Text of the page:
The checkered Christian districts southeast of Lake Van is where the Assyrians of Hakkari lived, while the Christian districts in Blue designate where Armenians lived
The checkered Christian districts southeast of Lake Van is where the Assyrians of Hakkari lived, while the Christian districts in Blue designate where Armenians lived

Although the region was nominally under Ottoman control since the 16th century, it was in reality administered by its Assyrian and Kurdish inhabitants and their lords. The situation changed after the Badr Khans rule and the Tanzimat reforms as the Ottomans now were able to extend their full control unopposed, and in 1868 the Sanjak of Hakkari was created.[9]

Genocide and exodus

On the eve of the First World War, patriarch Shimun XIX Benyamin was promised preferential treatment in anticipation of the war.[10] Shortly after the war began, however, Assyrian and Armenian settlements to the north of Hakkari were attacked and sacked by Kurdish irregulars allied with the Ottoman Army in the Assyrian genocide.[11][12] Others were forced into labour battalions and later executed.[13]

The turning point was when the patriarch's brother was taken prisoner as he was studying in Constantinople. The Ottomans demanded Assyrian neutrality and executed him as a warning.[14][15] In return, the patriarch declared war on the Ottomans on 10 April 1915.[14]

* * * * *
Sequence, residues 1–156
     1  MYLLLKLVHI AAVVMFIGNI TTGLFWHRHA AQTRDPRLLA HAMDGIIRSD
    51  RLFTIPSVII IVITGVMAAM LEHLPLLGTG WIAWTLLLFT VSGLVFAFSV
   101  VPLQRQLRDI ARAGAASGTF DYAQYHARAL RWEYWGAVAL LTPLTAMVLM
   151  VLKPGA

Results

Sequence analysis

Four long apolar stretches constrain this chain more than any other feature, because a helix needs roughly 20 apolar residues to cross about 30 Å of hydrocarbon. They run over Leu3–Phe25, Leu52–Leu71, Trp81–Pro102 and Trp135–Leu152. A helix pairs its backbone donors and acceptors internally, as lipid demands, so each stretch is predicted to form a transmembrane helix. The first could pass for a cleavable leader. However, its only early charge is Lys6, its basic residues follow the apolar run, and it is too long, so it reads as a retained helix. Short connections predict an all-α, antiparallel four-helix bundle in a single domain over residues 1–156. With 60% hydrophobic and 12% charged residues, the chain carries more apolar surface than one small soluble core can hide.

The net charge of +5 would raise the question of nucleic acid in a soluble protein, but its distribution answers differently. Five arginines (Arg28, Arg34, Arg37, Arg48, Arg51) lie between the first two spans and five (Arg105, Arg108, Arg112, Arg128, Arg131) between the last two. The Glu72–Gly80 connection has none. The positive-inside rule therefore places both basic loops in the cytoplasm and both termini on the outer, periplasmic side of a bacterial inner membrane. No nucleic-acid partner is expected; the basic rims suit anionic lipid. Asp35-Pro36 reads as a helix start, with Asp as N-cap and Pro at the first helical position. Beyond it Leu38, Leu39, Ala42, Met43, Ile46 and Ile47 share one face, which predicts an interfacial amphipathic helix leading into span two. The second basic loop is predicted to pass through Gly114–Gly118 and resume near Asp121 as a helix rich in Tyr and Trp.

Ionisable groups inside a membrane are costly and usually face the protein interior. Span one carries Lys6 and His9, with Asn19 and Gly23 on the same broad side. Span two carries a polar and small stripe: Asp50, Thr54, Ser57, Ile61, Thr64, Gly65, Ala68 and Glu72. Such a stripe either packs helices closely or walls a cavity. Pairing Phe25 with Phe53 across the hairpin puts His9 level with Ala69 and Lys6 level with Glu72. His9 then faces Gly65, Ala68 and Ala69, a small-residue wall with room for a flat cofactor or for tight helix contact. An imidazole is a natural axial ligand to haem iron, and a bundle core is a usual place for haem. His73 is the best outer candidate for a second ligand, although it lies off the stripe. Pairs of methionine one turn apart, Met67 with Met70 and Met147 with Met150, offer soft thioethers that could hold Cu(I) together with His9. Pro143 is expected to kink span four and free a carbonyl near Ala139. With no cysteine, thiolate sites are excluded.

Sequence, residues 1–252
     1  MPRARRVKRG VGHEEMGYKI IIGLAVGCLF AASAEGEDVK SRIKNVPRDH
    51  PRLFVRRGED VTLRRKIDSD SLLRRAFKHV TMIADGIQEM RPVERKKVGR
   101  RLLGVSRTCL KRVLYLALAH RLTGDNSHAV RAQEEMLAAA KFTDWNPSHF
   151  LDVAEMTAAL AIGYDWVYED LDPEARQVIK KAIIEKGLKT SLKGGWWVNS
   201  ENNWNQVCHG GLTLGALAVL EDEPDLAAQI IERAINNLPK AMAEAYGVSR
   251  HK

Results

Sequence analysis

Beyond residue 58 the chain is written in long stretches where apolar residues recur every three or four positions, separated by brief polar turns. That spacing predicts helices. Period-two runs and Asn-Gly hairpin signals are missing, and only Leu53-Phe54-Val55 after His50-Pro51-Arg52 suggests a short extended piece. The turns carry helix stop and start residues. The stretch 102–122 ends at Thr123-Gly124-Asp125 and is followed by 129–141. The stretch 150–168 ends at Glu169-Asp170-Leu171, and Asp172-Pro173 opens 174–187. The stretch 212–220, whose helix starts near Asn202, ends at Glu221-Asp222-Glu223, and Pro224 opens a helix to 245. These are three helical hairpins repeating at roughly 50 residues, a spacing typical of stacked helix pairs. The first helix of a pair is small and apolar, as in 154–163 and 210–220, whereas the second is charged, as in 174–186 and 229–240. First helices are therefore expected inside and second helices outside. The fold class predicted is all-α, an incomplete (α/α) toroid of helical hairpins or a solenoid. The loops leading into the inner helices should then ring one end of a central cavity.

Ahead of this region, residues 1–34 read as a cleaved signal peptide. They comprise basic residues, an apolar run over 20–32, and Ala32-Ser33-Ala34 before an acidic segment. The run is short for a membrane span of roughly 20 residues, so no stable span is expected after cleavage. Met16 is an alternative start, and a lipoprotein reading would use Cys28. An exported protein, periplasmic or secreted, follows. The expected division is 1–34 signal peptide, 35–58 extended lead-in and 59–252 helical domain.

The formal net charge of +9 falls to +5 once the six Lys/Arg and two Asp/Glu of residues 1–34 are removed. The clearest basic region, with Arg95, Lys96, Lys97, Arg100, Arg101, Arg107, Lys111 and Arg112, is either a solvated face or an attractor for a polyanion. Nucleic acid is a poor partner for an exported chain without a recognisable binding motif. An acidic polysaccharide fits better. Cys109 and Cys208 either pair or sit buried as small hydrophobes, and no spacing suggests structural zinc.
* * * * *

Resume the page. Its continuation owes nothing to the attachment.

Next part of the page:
The Assyrians were immediately attacked by Kurdish irregulars backed by the Ottomans, driving most of the Assyrians of Hakkari to the mountain tops, as those who stayed in their villages were killed.[14] Shimun Benjamin was able to move unnoticed to Urmia, which at the time was under Russian control, and tried to persuade them to send a relief force to the besieged Assyrians.[14] When the Russians replied that the request was unreasonable, he returned to Hakkari and led the surviving 50,000 Assyrians through the mountains to safety in Urmia.[14] Thousands perished from cold and hunger during this march.[14]